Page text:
Campbell et al v. Baylard, Billington, Dempsey & Jensen, P.C. et al

Filing 201

MEMORANDUM AND ORDER: IT IS HEREBY ORDERED that Defendant Woodland Lakes Community Neighborhood Watchs motion to set aside clerks entry of default (Doc. No. 176 ) is GRANTED. IT IS FURTHER ORDERED that Defendant Woodland Lakes Community Neighborh ood Watchs motion for extension of time to file responsive pleading out of time (Doc. No. 177 ) is GRANTED. The Clerk of the Court shall detach Doc. Nos. 177- 2 and 177-3 and docket them as Defendant Woodland Lakes Community Neighborhood Watchs Motion to Dismiss and Memorandum in Support. IT IS FURTHER ORDERED that Plaintiffs motions for leave to file additional memoranda in opposition to Defendant Woodland Lakes Community Neighborhood Watchs motions to set aside and for extension of time (Doc. Nos. 196 and 197 ) are GRANTED.. Signed by District Judge John A. Ross on 3/22/18. (JAB)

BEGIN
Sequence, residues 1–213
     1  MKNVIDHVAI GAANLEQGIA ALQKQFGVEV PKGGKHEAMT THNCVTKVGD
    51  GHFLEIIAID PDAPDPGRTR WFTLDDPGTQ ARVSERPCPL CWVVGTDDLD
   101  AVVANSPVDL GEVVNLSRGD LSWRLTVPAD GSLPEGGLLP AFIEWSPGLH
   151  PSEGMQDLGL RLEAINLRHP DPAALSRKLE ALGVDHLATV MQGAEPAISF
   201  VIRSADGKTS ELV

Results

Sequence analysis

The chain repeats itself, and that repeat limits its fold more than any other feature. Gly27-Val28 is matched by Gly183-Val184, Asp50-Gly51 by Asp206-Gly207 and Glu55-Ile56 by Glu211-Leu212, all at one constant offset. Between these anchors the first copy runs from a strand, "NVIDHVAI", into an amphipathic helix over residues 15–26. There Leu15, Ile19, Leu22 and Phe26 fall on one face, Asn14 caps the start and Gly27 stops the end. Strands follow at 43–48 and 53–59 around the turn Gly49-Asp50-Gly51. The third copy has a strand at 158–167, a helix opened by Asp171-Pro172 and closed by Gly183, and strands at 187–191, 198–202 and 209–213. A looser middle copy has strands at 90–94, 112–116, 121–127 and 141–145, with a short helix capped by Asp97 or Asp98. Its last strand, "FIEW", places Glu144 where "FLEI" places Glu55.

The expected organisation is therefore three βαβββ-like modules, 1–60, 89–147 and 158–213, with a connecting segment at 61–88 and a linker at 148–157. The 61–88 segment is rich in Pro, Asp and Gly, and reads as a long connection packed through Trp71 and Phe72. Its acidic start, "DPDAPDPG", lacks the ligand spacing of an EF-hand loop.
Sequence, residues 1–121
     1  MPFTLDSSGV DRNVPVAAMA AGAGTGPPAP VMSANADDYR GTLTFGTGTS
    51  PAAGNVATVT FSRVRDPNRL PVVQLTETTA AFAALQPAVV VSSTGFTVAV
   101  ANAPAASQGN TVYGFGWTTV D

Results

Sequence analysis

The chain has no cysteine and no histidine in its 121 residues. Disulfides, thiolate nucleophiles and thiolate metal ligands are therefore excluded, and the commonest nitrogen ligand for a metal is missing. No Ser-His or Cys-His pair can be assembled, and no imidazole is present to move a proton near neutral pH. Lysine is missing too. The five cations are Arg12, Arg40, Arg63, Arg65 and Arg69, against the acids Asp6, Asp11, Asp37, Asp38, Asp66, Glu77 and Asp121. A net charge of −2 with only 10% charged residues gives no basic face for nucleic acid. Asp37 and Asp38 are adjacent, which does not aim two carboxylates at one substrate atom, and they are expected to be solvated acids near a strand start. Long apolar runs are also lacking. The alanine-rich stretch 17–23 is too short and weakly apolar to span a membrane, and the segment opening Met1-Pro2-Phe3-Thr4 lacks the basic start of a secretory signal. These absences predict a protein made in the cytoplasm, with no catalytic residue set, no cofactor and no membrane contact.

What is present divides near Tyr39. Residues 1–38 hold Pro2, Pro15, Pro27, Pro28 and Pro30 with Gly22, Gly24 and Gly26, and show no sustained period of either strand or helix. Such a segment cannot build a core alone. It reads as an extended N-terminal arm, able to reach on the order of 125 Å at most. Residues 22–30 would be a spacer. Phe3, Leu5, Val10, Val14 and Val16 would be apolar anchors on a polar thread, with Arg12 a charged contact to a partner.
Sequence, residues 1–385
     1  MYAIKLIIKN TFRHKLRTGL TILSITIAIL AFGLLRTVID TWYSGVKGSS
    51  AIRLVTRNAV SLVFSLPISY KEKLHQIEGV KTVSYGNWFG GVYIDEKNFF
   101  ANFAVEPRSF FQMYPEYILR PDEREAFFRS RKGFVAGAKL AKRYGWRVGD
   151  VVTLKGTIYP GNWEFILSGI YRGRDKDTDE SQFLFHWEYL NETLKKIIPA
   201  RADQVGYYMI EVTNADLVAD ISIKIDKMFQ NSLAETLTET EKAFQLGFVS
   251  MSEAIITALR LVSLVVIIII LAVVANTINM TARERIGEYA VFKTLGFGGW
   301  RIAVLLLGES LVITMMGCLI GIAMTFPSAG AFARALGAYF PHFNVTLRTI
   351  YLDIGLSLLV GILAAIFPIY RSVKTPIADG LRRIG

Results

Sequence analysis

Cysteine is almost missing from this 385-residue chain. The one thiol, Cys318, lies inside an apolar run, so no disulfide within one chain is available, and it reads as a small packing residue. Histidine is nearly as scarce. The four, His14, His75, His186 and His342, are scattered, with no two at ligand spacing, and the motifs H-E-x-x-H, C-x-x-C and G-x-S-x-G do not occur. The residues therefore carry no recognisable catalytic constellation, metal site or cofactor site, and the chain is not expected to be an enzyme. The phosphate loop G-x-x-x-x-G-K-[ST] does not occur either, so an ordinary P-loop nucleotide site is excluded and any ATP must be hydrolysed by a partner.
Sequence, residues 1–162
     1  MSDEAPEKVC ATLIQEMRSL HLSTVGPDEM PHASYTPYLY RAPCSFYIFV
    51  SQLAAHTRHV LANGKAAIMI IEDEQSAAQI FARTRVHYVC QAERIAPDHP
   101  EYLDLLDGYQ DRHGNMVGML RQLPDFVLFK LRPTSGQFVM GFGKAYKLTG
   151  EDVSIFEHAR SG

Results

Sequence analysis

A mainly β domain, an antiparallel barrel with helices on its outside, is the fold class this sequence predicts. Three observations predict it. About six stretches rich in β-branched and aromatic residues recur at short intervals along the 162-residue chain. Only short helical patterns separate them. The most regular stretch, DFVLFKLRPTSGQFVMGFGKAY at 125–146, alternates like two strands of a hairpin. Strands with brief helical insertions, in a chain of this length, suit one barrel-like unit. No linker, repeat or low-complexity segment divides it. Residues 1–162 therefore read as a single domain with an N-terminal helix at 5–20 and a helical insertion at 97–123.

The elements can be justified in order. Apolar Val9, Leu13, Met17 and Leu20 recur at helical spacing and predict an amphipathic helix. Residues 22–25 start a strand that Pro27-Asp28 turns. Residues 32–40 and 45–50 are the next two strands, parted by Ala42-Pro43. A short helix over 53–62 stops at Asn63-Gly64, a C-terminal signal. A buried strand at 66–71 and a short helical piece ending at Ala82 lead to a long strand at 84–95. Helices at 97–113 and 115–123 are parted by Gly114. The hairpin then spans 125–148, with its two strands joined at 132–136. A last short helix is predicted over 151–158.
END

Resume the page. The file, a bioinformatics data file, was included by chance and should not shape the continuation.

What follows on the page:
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UNITED STATES DISTRICT COURT EASTERN DISTRICT OF MISSOURI EASTERN DIVISION DAVE CAMPBELL, et al., Plaintiffs, vs. BAYLARD, BILLINGTON, DEMPSEY & JENSEN, P.C., et al., Defendants. ) ) ) ) ) ) ) ) ) ) Case No. 4:17-cv-02390-JAR MEMORANDUM & ORDER This matter is before the Court on Defendant Woodland Lakes Community Neighborhood Watch’s motions to set aside clerk’s entry of default (Doc. No. 176) and for extension of time to file responsive pleading out of time (Doc. No. 177). Plaintiffs oppose both motions. (Doc. Nos. 185, 186, 187, 189). Also before the Court are Plaintiffs’ motions for leave to file additional memoranda in opposition to Defendant Woodland Lakes Community Neighborhood Watch’s motions to set aside and for extension of time. (Doc. No. 196 and 197). Plaintiffs’ motions to file additional memoranda in opposition will be granted, and the Court reviewed those memoranda before making its ruling. For the reasons set forth below, Defendants’ motions will be granted. BACKGROUND Plaintiffs filed this action on September 11, 2017, naming 41 Defendants. Plaintiffs served the summons and complaint upon Defendant Woodland Lakes Community Neighborhood Watch (“Neighborhood Watch”) and, when Neighborhood Watch failed to file a responsive pleading, filed a motion for default judgment on December 11, 2017. (Doc. No. 79). On December 18, 2017, Plaintiffs sought leave to file a second amended complaint, which the Court granted. (Doc. No. 110). Plaintiffs then withdrew by motion their motion for default judgment against Defendant Neighborhood Watch. (Doc. No. 141). That same day, February 5, 2018, Plaintiffs filed a second motion for entry of clerk’s default against Neighborhood Watch (Doc. No. 145), and, on February 6, 2018, the Clerk of the Court granted Plaintiffs’ motion (Doc. No. 155). On February 27, 2018, Neighborhood Watch filed a motion to set aside the Clerk’s entry of default. (Doc. No. 176). In support, Defendant Neighborhood Watch states that it received the second amended complaint through a 77-year-old part-time volunteer treasurer of the organization who lost track of the deadline to respond to the second amended complaint and was further confused by Plaintiffs’ motion to withdraw their initial motion for default. Neighborhood Watch claims that it has a meritorious defense and that Plaintiffs would not be prejudiced if the default were to be set aside, given that the case is still in the early stages of litigation. Neighborhood Watch advanced similar arguments in its motion for leave to file a responsive pleading out of time. (Doc. No. 177). In support of its motion, Neighborhood Watch submitted the affidavit of Francis Oscar Darian, Jr., the president of Neighborhood Watch, stating that the treasurer was responsible for receiving mail for the organization and was confused by the various documents sent by Plaintiffs. (Doc. No. 176-1). Mr. Darian also stated that upon learning of the Clerk’s entry of default, which it had previously believed had been withdrawn by motion, it retained counsel and now seeks to represent its interests in the lawsuit. Plaintiffs oppose the motion to set aside default, arguing that Mr. Darian’s affidavit was false and constituted hearsay evidence that could not be relied upon by the Court. (Doc. No. 186). They further argue that Neighborhood Watch’s failure to timely respond was intentional, citing the fact that the registered agent’s husband is also a named Defendant in this action. Plaintiffs 2 believe that Mr. Darian was aware of the lawsuit, but was using the registered agent for a “scape goat” for his decision to refuse or return the summons and complaint. Thus, Plaintiffs contend that Neighborhood Watch cannot satisfy the good cause requirement for setting aside a Clerk’s entry of default. In its Reply, Neighborhood Watch submits the affidavit of Patricia Deis, the treasurer and registered agent of Neighborhood Watch, to alleviate the hearsay concerns of Plaintiffs. (Doc. No. 195). It contends that Plaintiffs failed to distinguish between the actions and inactions of Neighborhood Watch’s officers or directors performed in their official versus unofficial capacities. (Doc. No. 195). It further notes that Plaintiffs conflate these actions and inactions with those of the Woodland Lakes Trusteeship, Inc., which is a separate and distinct entity. In their sur-reply, 1 Plaintiffs assert that the submission of Patricia Deis’s affidavit was procedurally improper and “has prejudiced Plaintiffs’ Response.” (Doc. 196-2 at 3). Plaintiffs then document a number of actions by Mr. Darian, such as collecting $2,000 from Plaintiffs and forcing Plaintiffs to move their vehicle from a parking spot in 2011 as evidence of his bad faith toward Plaintiffs. DISCUSSION The court may “set aside an entry of default for good cause.” Fed. R. Civ. P. 55(c); see also Johnson v. Dayton Elec. Mfg. Co., 140 F.3d 781, 783 (8th Cir. 1998). The showing necessary to set aside a default entry is not as stringent as that necessary to vacate a default judgment. Johnson, 140 F.3d at 784. The Eighth Circuit has explained the reason for this distinction as follows: 1 On March 15, 2018, Plaintiffs filed a motion for leave to file a sur-reply, which the Court will grant. (Doc. No. 196). 3 There is a judicial preference for adjudication on the merits . . . , and it is likely that a party who promptly attacks an entry of default, rather than waiting for grant of a default judgment, was guilty of an oversight and wishes to defend the case on the merits. Id. (internal citation and quotations omitted). In considering whether good cause exists, a district court should weigh “whether the conduct of the defaulting party was blameworthy or culpable, whether the defaulting party has a meritorious defense, and whether the other party would be prejudiced if the default were excused.” Id.; see also Stephenson v. El–Batrawi, 524 F.3d 907, 912 (8th Cir. 2008). Here, Neighborhood Watch submitted two affidavits attesting to the confusion of its registered agent, an elderly volunteer treasurer, and her mistaken belief that Plaintiffs’ motion for default had been withdrawn. Indeed, Plaintiffs have filed numerous motions and other filings since initiating this lawsuit that could make the procedural posture in this case difficult to discern. On the other hand, as Plaintiffs correctly point out in their briefing, this volunteer is a registered agent who has an affirmative duty to receive papers related to litigation involving Neighborhood Watch, and she should have reviewed the papers more closely. However, when the Court compares her conduct to that excused by the Eighth Circuit under the more stringent “excusable neglect” standard, the registered agent’s conduct is not adequate ground to deny Neighborhood Watch’s motion to set aside the clerk’s entry of default. See, e.g., Union Pac. R. Co. v. Progress Rail Servs. Corp., 256 F.3d 781, 783 (8th Cir. 2001) (finding excusable neglect where defendant neglected to file an answer because of recording error by legal department); Johnson, 140 F.3d at 784–85 (finding good cause to set aside a default that resulted from “poor communication” between the defendant, its attorney, and its insurer); Feeney v. AT & E, Inc., 472 F.3d 560 (8th Cir. 2006) (district court abused its discretion in refusing to set aside part of a 4 judgment, where the claimed “excusable neglect” was that defendant had not checked his mail for two months, and therefore did not respond to plaintiffs' summary judgment motion). Here, the registered agent exhibited the same sort of lax approach excused in the cases cited above. She did not evince an intentional flouting or blatant disregard of court rules or procedures. Also, Neighborhood Watch took quick action as soon as it learned of the default, promptly entering an appearance and requesting additional time to file a motion. Accordingly, the Court finds this factor weighs in favor of setting aside the clerk’s entry of default. The Court next turns to the factor of danger of prejudice to the non-moving party. As the Eighth Circuit has repeatedly cautioned, “prejudice may not be found from delay alone or from the fact that the defaulting party will be permitted to defend on the merits.” Johnson, 140 F. 3d at 785. The prejudice must be more concrete, including, inter alia, loss of evidence, increased difficulties in discovery, or greater opportunities for fraud and collusion. Id. Here, the record does not reveal that Plaintiffs would incur any of these difficulties if the clerk’s entry of default were set aside. Thus, the prejudice factor weighs in favor of setting aside the clerk’s entry of default. Lastly, Neighborhood Watch presents a meritorious defense. The central inquiry regarding whether a meritorious defense exists is whether the proffered evidence would permit a finding for the defaulting party, not whether it is undisputed. Id. Here, Neighborhood Watch has offered legal defenses with sufficient elaboration of the facts and the law to permit the Court to determine the potential viability of the asserted defense. There exists at least an even chance that the outcome of this action, after full consideration, would be contrary to the result achieved by a default. The existence of this meritorious defense weighs in favor of Neighborhood Watch in setting aside the clerk’s entry of default for good cause. 5 CONCLUSION Thus, pursuant to Federal Rule of Civil Procedure 55(c), the clerk’s entry of default should be set aside for good cause for the reasons discussed above. The Court will therefore grant the defendant's motion to set aside the clerk’s entry of default. Accordingly, IT IS HEREBY ORDERED that Defendant Woodland Lakes Community Neighborhood Watch’s motion to set aside clerk’s entry of default (Doc. No. 176) is GRANTED. IT IS FURTHER ORDERED that Defendant Woodland Lakes Community Neighborhood Watch’s motion for extension of time to file responsive pleading out of time (Doc. No. 177) is GRANTED. The Clerk of the Court shall detach Doc. Nos. 177-2 and 177-3 and docket them as Defendant Woodland Lakes Community Neighborhood Watch’s Motion to Dismiss and Memorandum in Support. IT IS FURTHER ORDERED that Plaintiffs’ motions for leave to file additional memoranda in opposition to Defendant Woodland Lakes Community Neighborhood Watch’s motions to set aside and for extension of time (Doc. Nos. 196 and 197) are GRANTED. Dated this 22nd day of March, 2018. JOHN A. ROSS UNITED STATES DISTRICT JUDGE 6